The Oldest College Newspaper in Pennsylvania

The Lafayette

The Oldest College Newspaper in Pennsylvania

The Lafayette

The Oldest College Newspaper in Pennsylvania

The Lafayette

Capping off a great career: Grewal ’16 wins PL Student-Athlete of the Year for men’s swimming

Capping off a great career: Grewal 16 wins PL Student-Athlete of the Year for mens swimming

For Greg Grewal, collegiate swimming was never a guarantee. Not swimming full time until his senior year in high school left the current Lafayette senior slower than what some college programs wanted. Patriot League teams told him on more than one occasion that he just wasn’t fast enough.

But it seems that Grewal has proven those coaches wrong—the Patriot League just named Grewal their Student-Athlete of the Year for men’s swimming.

The award is given to a junior or senior who has made significant contribution to his or her team in the pool while also setting the pace in the classroom as well. Grewal, with his four individual school records and 3.59 GPA as a chemical engineer exemplifies just that.

But his success at Lafayette wouldn’t have been possible without that one coach who told him yes, you will be fast enough…fast enough to break records.

Lafayette head coach Jim Dailey believed in Grewal when others didn’t, and his emphasis on not sacrificing school for swimming played huge role in setting Grewal up for success, along with this award.

“The best thing about Lafayette is that there really is a good balance between being a D1 athlete and being a student,” Grewal said. “That’s what attracted me to the school. I could still be D1 without having to be sold to the program.”

Grewal ended his Patriot League career with two third-place finishes at the conference championship, ahead of swimmers from the two teams who turned him down as a high schooler.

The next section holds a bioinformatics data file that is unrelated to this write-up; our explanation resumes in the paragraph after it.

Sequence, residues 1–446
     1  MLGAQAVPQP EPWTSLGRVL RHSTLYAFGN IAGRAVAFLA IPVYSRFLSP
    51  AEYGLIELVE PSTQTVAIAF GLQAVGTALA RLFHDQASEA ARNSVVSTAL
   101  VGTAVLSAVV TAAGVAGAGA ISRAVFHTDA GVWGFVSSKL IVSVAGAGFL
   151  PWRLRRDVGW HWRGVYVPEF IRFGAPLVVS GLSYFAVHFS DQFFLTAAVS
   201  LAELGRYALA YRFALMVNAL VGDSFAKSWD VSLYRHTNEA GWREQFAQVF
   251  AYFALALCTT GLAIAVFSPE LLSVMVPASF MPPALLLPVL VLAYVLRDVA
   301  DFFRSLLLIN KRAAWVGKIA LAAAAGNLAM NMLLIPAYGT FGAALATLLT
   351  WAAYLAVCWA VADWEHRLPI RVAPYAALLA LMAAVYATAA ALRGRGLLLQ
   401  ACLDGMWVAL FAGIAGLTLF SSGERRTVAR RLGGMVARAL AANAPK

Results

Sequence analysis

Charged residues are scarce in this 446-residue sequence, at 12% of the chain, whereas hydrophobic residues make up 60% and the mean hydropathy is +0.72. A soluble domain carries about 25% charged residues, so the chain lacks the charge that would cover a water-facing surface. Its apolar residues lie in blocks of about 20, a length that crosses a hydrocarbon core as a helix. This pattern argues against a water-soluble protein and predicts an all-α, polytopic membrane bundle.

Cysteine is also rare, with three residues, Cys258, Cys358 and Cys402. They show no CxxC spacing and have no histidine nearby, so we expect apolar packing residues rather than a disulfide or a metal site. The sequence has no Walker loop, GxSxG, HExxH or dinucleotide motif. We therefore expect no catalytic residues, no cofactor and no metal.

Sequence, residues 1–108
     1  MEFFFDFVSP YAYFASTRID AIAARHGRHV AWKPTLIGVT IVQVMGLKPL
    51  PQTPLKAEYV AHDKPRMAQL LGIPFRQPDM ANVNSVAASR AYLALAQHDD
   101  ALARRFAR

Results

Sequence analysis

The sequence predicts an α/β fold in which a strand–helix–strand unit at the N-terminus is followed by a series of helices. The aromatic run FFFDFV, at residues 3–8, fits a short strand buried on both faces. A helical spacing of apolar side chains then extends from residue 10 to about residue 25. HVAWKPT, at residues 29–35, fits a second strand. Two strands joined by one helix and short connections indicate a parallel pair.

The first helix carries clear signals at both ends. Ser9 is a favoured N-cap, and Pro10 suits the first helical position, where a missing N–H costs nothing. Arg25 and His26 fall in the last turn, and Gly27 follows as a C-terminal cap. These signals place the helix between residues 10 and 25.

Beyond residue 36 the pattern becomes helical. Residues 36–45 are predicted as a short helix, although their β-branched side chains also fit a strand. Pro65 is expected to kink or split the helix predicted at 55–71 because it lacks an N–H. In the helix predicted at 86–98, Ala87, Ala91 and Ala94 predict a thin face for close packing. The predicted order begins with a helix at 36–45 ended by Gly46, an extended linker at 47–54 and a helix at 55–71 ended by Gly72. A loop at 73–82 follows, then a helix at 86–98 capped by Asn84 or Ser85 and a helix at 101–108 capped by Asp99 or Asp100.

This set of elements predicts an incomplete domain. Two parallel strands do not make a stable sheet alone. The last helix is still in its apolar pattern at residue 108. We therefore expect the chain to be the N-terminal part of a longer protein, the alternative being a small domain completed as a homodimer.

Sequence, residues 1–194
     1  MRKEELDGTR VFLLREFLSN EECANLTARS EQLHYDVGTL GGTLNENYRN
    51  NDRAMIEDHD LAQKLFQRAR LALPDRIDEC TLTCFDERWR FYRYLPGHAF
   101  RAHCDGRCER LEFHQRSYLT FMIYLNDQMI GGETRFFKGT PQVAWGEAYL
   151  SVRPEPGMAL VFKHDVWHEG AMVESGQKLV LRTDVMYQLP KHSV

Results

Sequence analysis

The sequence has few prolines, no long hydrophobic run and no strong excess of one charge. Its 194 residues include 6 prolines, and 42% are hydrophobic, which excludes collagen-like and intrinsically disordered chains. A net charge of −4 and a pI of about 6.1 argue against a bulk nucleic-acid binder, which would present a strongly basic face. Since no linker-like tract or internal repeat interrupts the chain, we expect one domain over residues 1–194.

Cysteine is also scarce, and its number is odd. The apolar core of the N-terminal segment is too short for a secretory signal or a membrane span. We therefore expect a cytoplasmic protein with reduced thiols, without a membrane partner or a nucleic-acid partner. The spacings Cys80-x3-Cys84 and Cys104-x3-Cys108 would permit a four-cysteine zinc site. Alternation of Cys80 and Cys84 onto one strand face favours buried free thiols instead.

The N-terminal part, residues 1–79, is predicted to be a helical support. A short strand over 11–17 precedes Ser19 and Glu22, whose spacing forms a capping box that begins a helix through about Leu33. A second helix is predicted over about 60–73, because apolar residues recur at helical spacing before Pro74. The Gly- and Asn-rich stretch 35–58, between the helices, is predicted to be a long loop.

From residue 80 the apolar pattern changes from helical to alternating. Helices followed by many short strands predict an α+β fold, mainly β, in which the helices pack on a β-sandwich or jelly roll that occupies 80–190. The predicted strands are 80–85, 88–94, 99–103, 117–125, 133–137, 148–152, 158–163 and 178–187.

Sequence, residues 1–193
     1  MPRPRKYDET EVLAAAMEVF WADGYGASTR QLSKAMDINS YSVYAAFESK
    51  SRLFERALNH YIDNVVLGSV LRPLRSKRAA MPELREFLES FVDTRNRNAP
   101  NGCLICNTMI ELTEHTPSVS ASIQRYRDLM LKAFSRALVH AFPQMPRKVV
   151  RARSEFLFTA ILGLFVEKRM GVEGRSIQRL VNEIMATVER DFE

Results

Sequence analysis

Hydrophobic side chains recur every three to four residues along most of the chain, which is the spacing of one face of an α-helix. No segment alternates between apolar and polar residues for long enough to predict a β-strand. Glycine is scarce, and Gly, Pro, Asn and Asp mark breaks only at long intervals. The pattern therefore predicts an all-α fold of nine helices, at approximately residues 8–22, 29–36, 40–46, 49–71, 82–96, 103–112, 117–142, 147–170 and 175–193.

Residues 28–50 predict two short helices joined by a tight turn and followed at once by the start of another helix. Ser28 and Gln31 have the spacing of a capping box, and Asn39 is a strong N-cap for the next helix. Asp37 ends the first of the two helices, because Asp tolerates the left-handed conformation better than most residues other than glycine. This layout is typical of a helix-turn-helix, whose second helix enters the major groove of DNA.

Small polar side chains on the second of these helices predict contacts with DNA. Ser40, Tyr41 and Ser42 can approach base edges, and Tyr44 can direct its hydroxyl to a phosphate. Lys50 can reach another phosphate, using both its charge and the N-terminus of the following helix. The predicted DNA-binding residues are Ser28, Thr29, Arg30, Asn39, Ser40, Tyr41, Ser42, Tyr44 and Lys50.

“At the time, I understood that I wasn’t what they wanted,” Grewal said. “Now it’s nice, I have a little bit of a vendetta when I race them but it’s not about being angry with them for not taking me. I’m happy that it all worked out, that this is where I belong—at Lafayette… It worked out.

Grewal will have one more chance, however, to take home some Patriot League hardware. Every student-athlete of the year in each sport is currently in the running for the overall award of Patriot League Student-Athlete of the Year.

In addition to his diploma, Grewal will take multiple school records, ones previously held by a former Olympian, Kevin Rutherford ’94, who swam for team Hong Kong, with him when he graduates. A potential invite to the NCAA meet also looms on the horizon.

The swimmer currently has a NCAA “B Cut” time in the 100 and 200 breaststroke which places him on the list of eligible athletes. Once the A cuts are finalized this weekend, the NCAA will start inviting B cut swimmers to compete in the meet.

Although Grewal admits he is “less likely than most” to get that final invitation to the NCAA meet, he does have one last meet that is a guarantee: the Olympic Trials in Omaha, Nebraska.

Grewal will be competing in the 100 breaststroke, his best event, against the some of the fastest swimmers in the nation. The odds aren’t really in his favor, but he is looking forward to the high- profile meet nonetheless.

“It’s a nice way to cap off my career,” he said. “It’s something every swimmer dreams about, swimming at Olympic Trials. There’s going to be a lot of big names there… It’s a great way to hang up the goggles and cap and say ‘I’m done, I did this.’”

When Grewal replaces his swim cap with a graduation cap he will put his chemical engineering degree to good use having already accepted a job working for Thorogood Associates in consulting.

Looking back, Grewal is glad that he wasn’t fast enough for those teams. Being a little bit too slow allowed him to find his place at Lafayette, a decision he doesn’t regret.

“It was definitely somewhere that I could say I fit in for my four years here,” he said. “Somewhere that I really enjoyed being while taking those difficult classes and getting through those grueling hours in the pool. The takeaway from it is I probably had the best four years I could have had.”

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